Break out your stopwatches. It’s 40-yard dash time.

The NFL Scouting Combine, which kicks off on Tuesday, will feature a new twist on the event’s most-watched drill. This year, adidas is awarding $1 million a player if it can break Chris Johnson’s 4.24-second 40-yard dash record at the combine.

Braxton Miller already came out and said that he wants to run a 4.28. If he could, that would be the fastest official, electric time for a B1G player in combine history (electrical timing wasn’t introduced at the combine until 1999, so these records only go back to that year, and only official times taken at the combine were counted).

Here’s a look at the top B1G 40-yard dash times at the combine since 1999:

T10. Bradley Roby, Ohio State CB — 4.39 (2014)

The Super Bowl-winning cornerback got a nice boost from his 40-time and was selected in the first round. In his two seasons in the NFL so far, Roby has been known more for making clutch plays than anything else.

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T10. Leon Hall, Michigan WR — 4.39 (2007)

The former Michigan All-American was a first-round draft pick and has been one of the league’s better cornerbacks since he broke in with the Cincinnati Bengals in 2007.

T10. Reggie Germany, Ohio State WR — 4.39 (2001)

Germany’s blistering 40-time earned him a seventh-round flier, but he was out of the league after just one season with Buffalo.

T10. Lee Evans, Wisconsin WR — 4.39 (2004)

One of the more accomplished players on this list, the former Badger was selected 13th overall and he racked up over 6,000 career receiving yards.

9. Billy Gustin, Purdue S — 4.38 (1999)

Despite his quick time, the former Boilermaker went undrafted. He was later signed by the Dallas Cowboys but he didn’t make the team and he ultimately continued his career in NFL Europe.

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T6. A.J. Jenkins, Illinois WR — 4.37 (2012)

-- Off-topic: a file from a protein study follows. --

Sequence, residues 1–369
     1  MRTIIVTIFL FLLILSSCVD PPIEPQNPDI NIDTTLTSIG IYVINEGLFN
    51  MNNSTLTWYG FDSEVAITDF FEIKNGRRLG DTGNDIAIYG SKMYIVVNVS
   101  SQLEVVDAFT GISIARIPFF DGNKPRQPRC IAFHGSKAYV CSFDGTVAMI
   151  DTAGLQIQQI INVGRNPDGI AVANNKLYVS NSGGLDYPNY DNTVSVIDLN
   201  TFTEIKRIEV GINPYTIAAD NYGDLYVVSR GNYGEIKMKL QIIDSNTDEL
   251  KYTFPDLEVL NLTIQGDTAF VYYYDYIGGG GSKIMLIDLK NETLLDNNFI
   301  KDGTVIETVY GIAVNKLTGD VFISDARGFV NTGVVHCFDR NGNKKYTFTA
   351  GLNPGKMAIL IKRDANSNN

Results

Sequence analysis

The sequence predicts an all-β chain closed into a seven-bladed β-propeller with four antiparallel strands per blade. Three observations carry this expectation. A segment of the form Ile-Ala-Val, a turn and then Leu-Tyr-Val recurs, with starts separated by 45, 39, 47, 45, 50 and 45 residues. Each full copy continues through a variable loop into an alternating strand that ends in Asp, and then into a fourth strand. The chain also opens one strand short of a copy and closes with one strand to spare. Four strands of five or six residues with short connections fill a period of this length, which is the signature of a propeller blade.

Jenkins was a first-round pick out of Illinois after an impressive combine, but he was traded to the Chiefs after just one mostly inactive season with the NFC Champion San Francisco 49ers. He didn’t have his first catch until 511 days after he was drafted and he wasn’t kept on a roster following the Chiefs’ decision to release him in February 2015.

T6. Tracy Porter, Indiana CB — 4.37 (2008)

The former Hoosier had the 10th-fastest 40-time in Indianapolis, and he was a solid second-round pickup for the New Orleans Saints in the second round. Porter, who is still active, will always be remembered for his game-clinching interception of Peyton Manning in Super Bowl XLIV.

T6. Scott Starks, Wisconsin CB — 4.37 (2005)

Not surprisingly, the Wisconsin track star had one of the top times at the 2005 combine. That helped propel Starks’ third-round selection and six-year NFL career with the Jacksonville Jaguars.

5. Bob Sanders, Iowa S — 4.35 (2004)

The hard-hitting Hawkeye safety could run pretty well, too. The most accomplished player on this list, Sanders was a two-time All-Pro safety and he became the first player in Indianapolis Colts history to earn AP NFL Defensive Player of the Year honors.

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4. B.J. Tucker, Wisconsin CB — 4.34 (2003)

Another former Badger track star, Tucker’s ridiculous 4.34 earned him a sixth-round selection. But he didn’t make the Dallas Cowboys’ roster and he bounced around five different teams in two years before being shipped off to NFL Europe. He did help the Amsterdam Admirals to a league title after tying for the league lead in interceptions.

T1. Deon Butler, Penn State WR — 4.31 (2009)

Butler set the record for Penn State receptions and he tied the B1G record in the 40-yard dash at the combine. Unfortunately, that didn’t translate to a lengthy NFL career. The third-round pick had 57 career catches over the course of four years with the San Diego Chargers.

T1. Justin King, Penn State CB — 4.31 (2008)

King surprisingly declared early for the NFL draft, but his 4.31-second 40-time was second to all-time leader Chris Johnson, who ran a 4.24. The fourth-round selection spent five years in the NFL, though injuries prevented his career from taking shape.

T1. Trae Waynes, Michigan State CB — 4.31 (2015)

One of the top defensive back prospects in B1G history, Waynes’ combine made him a lock to go in the top half of the first round. The Vikings made him the top cornerback in the draft at No. 11, which was also the highest the franchise had ever taken a cornerback. Still, Waynes only started one game as a rookie and struggled to earn playing time with the NFC North champions. He figures to be a bigger fixture in the rotation in 2016.